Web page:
Going High Tech in Animal Agriculture

Going High Tech in Animal Agriculture

Varinia Cabrera

Varinia Cabrera

Imagine a future where animals – like many humans – wear Fitbit-like devices.

Varinia Cabrera has tested 30 different prototypes of sheep monitors in Uruguay for her master’s thesis at Universidad de la República. As an electrical engineering student, she hopes to reduce lamb mortality with wearable electronics that, in the future, will be able to track the exact time a sheep has given birth.

She arrived at UBC in January 2023 through the competitive Emerging Leaders in the Americas Program. The short-term student exchange program allows her to spend six months at UBC where she will study at both the Vancouver campus and the Agassiz Dairy Education and Research Centre.

She was drawn to UBC’s Animal Welfare Program for its transdisciplinary research that uses technology and data analysis to improve the health and wellbeing of animals.

“Transdisciplinary work is essential because it gives purpose to the technology that engineers develop,” says Cabrera.

“Although agricultural and animal industries are key sectors in Uruguay, finding transdisciplinary research centres that develop technologies to improve animal welfare is complex. In Canada, this specific line of research is found at the Animal Welfare Program at UBC.”

Wearable devices are a growing trend in industrial agriculture worldwide. The data collected from each individual animal can more accurately pinpoint health information that can be used, for example, to predict and prevent illnesses.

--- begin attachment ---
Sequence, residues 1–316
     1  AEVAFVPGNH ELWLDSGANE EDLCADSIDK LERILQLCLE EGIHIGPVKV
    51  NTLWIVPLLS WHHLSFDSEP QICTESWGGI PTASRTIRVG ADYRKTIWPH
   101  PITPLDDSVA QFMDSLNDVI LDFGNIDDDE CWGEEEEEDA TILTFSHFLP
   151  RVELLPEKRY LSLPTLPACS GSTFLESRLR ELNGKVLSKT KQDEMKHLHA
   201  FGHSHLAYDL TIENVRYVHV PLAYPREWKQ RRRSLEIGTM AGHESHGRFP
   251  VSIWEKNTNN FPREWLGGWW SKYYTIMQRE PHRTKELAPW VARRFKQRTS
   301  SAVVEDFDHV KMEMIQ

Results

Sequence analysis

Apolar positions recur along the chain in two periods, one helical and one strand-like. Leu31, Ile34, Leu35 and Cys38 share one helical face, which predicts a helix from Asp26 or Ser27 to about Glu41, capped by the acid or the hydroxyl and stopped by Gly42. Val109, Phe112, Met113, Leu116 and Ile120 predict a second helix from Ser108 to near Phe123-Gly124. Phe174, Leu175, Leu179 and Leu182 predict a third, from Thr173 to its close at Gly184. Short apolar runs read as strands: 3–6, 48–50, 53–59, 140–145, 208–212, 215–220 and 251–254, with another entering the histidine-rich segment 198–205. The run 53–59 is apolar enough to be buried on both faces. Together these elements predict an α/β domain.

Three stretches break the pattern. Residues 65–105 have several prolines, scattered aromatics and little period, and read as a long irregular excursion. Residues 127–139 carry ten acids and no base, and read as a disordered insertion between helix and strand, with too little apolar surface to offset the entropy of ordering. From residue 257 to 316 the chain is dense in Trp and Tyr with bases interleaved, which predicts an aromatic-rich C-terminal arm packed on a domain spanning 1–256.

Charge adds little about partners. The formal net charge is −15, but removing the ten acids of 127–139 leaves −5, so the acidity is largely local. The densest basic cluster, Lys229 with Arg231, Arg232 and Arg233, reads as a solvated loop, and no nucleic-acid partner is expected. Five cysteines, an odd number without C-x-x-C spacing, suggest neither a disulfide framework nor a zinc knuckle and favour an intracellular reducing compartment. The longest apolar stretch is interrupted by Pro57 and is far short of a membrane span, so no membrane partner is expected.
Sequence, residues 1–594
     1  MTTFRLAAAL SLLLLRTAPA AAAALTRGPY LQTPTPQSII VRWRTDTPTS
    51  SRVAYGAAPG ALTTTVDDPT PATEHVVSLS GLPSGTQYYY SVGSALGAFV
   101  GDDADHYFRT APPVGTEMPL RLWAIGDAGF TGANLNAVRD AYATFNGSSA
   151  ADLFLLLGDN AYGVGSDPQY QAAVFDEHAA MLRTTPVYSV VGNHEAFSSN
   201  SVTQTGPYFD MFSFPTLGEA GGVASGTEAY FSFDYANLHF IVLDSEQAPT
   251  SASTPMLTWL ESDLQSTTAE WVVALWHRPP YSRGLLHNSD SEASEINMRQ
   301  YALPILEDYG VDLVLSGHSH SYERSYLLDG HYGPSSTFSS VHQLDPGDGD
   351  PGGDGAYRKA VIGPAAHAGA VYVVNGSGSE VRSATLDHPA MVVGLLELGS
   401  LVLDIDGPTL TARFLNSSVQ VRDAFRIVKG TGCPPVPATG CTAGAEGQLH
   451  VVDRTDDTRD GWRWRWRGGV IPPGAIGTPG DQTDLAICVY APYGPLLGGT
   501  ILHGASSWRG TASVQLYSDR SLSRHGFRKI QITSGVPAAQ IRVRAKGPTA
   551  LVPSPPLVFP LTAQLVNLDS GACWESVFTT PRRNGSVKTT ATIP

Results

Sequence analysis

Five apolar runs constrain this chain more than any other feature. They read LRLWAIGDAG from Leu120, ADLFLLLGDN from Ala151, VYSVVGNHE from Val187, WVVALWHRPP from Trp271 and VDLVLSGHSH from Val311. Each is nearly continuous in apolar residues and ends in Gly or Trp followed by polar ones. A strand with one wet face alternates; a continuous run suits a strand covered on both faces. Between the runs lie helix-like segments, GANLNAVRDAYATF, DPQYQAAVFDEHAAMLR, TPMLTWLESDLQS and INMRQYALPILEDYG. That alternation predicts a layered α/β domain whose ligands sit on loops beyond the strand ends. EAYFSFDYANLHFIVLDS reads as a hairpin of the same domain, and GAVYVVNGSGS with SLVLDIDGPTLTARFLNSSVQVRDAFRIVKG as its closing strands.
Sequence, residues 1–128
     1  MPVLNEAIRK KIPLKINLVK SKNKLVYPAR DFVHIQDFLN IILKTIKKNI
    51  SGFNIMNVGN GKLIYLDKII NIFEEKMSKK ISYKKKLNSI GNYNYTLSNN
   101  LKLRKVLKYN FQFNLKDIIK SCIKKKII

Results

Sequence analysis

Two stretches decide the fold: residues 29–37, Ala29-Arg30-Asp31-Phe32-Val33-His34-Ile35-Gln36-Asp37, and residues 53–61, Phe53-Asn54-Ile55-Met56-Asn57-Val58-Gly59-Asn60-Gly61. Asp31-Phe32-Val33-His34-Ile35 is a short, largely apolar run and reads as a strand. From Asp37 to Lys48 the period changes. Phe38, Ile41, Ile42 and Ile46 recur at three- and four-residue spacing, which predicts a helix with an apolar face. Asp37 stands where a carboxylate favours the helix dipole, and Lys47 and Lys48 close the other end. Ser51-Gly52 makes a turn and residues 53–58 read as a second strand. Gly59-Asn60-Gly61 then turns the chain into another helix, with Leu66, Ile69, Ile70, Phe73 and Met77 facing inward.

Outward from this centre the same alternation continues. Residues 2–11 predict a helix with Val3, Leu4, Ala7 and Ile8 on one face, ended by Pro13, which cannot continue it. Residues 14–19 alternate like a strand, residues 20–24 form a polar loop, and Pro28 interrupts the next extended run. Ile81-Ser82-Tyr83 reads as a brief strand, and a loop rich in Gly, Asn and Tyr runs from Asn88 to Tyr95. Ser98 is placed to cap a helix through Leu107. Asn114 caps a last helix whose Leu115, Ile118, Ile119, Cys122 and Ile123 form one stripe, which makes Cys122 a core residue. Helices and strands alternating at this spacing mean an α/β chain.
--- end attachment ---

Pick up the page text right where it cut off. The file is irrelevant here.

“I’m learning how to approach and interact with animals in a safe way that doesn’t negatively impact their wellbeing,” she says. “The UBC dairy centre is running many projects using technology, such as the use of automated feeders to track when and how much cattle eat, and sensors that monitor the body temperature of animals.”

Under the supervision of Dr. Dan Weary and PhD student Sky Sheng, one of Cabrera’s projects involves using technology to better detect lameness in dairy cows. Lameness is painful to cows and is a major problem for dairy farmers. Sometimes a lame cow can be hard to identify, but Cabrera is using technology to splice videos of cows in such a way that two cows can be viewed side by side, allowing for much easier evaluation of which cow is more lame. Cabrera is now using data from these pairwise comparisions to develop rankings for the herd, and in this way allow for rapid (and automated) assessments of which cows need treatment.

Back at home in Uruguay, Cabrera works under the supervision of Dr. Julián Oreggioni and Dr. R. Ungerfeld at the Universidad de la República. Uruguay is a major exporter of animal products (there are 3.5 cows to every person, according to Cabrera), and she hopes her work (and the lessons she is learning at UBC) will help improve the lives of farm animals in her home country.

“Sheep roam free in Uruguay and could be kilometres away from a farmer so if a lamb is abandoned, it may not be known. If we know this, we could take steps to have the lamb mothered by another sheep. My dream is to do long-term studies of sheep from a distance.”

Dr. Weary hopes this connection to Cabrera and her supervisors will lead to further collaborations, building on the learnings from both countries.

“Our research is heavily dependent on engineering and data science as applicable to agricultural research. Dr. Oreggioni and Dr. Ungerfeld’s research expertise on farm-monitoring systems presents an excellent opportunity to integrate our research.”